I was touched by the timeliness of this magnet’s appearance. It helped me feel confident in Joseph’s presence and his care. Maybe he was up to something. Maybe the one who fashioned that incredible staircase could help me bridge the seeming impossibilities of my dilemma. Inspired, I placed the magnet on my nightstand and asked Joseph daily for any Loretto-like wonders God might want to grant me.

A Footbridge to Surrender. Instead of seeing wonders, I threw out my back a few weeks later. Even the smallest movements were excruciating. This was the last straw. I called in sick, and poured my woes into my journal. Then, I read this verse in the day’s Scripture readings: “Accept whatever befalls you” (Sirach 2:4, NRSVCE).

My heart was pierced. I collapsed into a tearful prayer of surrender. I gave Jesus my ailing back, my health, my age, and my difficult job—the whole and entire mess of me.

Then it happened. A picture flashed in and out of my mind. It was a brown wooden footbridge. I sat on my bed fingering that magnet from my niece while a succession of thoughts unfolded. It’s time to face some hard truths. My body isn’t working as it once did and I can’t keep up. It’s too much. I need to quit.

This was the first time I had ever seriously considered stopping work. But it made sense—so much sense, in fact, that it seemed like someone had opened a new pathway right before my eyes.

“Joseph, is this you?” I tried to listen for an answer, but I heard nothing. Still, my heart seemed to nudge me forward. The next morning, I resigned from the special education program.

A New Line of Work. Retirement is bringing budget changes and other adjustments, but none of my worst fears are materializing. I don’t have a terminal disease, my friends haven’t abandoned me, and my finances are working out. But best of all, Jesus is showing me a new line of work: loving whomever he puts in front of me.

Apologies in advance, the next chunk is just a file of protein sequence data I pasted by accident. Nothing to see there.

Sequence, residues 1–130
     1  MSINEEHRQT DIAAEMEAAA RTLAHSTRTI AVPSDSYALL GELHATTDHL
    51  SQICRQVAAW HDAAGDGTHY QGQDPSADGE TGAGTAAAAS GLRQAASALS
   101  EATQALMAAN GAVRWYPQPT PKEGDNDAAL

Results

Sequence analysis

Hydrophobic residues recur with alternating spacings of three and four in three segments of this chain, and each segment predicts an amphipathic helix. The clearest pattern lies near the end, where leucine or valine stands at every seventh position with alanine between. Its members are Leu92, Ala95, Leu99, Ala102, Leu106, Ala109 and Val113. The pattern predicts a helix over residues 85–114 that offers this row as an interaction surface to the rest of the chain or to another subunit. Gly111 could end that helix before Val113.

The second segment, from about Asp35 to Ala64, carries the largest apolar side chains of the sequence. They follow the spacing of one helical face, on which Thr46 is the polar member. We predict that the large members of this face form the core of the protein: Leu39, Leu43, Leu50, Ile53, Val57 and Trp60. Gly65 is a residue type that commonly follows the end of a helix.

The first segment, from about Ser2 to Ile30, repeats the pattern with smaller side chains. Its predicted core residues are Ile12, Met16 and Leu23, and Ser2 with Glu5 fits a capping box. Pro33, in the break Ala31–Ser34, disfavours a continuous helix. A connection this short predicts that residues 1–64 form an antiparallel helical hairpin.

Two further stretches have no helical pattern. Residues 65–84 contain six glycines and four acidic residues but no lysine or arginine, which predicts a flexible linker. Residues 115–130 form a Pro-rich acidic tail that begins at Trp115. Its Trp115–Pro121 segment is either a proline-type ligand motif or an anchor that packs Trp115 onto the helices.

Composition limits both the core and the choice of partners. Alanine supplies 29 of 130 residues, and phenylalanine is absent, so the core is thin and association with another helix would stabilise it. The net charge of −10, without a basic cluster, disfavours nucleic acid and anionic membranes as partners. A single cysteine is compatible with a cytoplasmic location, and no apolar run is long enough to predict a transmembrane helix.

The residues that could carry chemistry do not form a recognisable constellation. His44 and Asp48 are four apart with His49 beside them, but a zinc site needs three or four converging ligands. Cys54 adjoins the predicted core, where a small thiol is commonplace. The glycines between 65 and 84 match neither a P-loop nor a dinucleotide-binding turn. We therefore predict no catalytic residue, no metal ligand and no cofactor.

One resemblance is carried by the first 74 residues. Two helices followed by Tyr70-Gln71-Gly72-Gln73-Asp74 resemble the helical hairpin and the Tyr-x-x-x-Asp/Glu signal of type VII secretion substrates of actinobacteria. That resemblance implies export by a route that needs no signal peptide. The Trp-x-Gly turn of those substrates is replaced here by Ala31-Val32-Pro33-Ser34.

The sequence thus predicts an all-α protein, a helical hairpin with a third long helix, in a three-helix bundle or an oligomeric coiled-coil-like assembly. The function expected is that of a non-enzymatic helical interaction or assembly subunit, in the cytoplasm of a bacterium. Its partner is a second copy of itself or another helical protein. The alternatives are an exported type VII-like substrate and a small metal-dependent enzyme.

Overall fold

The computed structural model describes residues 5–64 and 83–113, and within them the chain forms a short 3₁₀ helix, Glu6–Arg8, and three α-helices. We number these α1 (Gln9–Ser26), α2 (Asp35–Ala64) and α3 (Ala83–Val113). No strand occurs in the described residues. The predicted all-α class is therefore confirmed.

This is filling my days with surprise and variety. I’ve offered a ride to someone on foot, created a beautiful cake for my sister, introduced myself to a woman begging on the corner, and mingled at my class reunion with baby boomers who have left the Church. My learning curve is steep, but this new “little way” has become a full-time occupation. My previous work was driven by the external demands of the situation; now my activities are driven by the inner promptings of the Holy Spirit. There are new challenges and rigors, but I’m walking under Jesus’ gentle yoke.

As I reflect on these matters, my amazement grows. I see how shackles of fear fell away in that brief “footbridge” moment. With the help of Joseph and the Holy Spirit, I was able to step out in faith. With new trust, I took hold of Jesus’ hand and accepted his lead. That’s what I want for the rest of my life: his hand, his lead.

And Joseph? I am thankful, and confident, that he stands ever ready to tackle the next odd job in my life so that I can move into closer step with Jesus.

Margaret Ann Stimatz lives in Montana.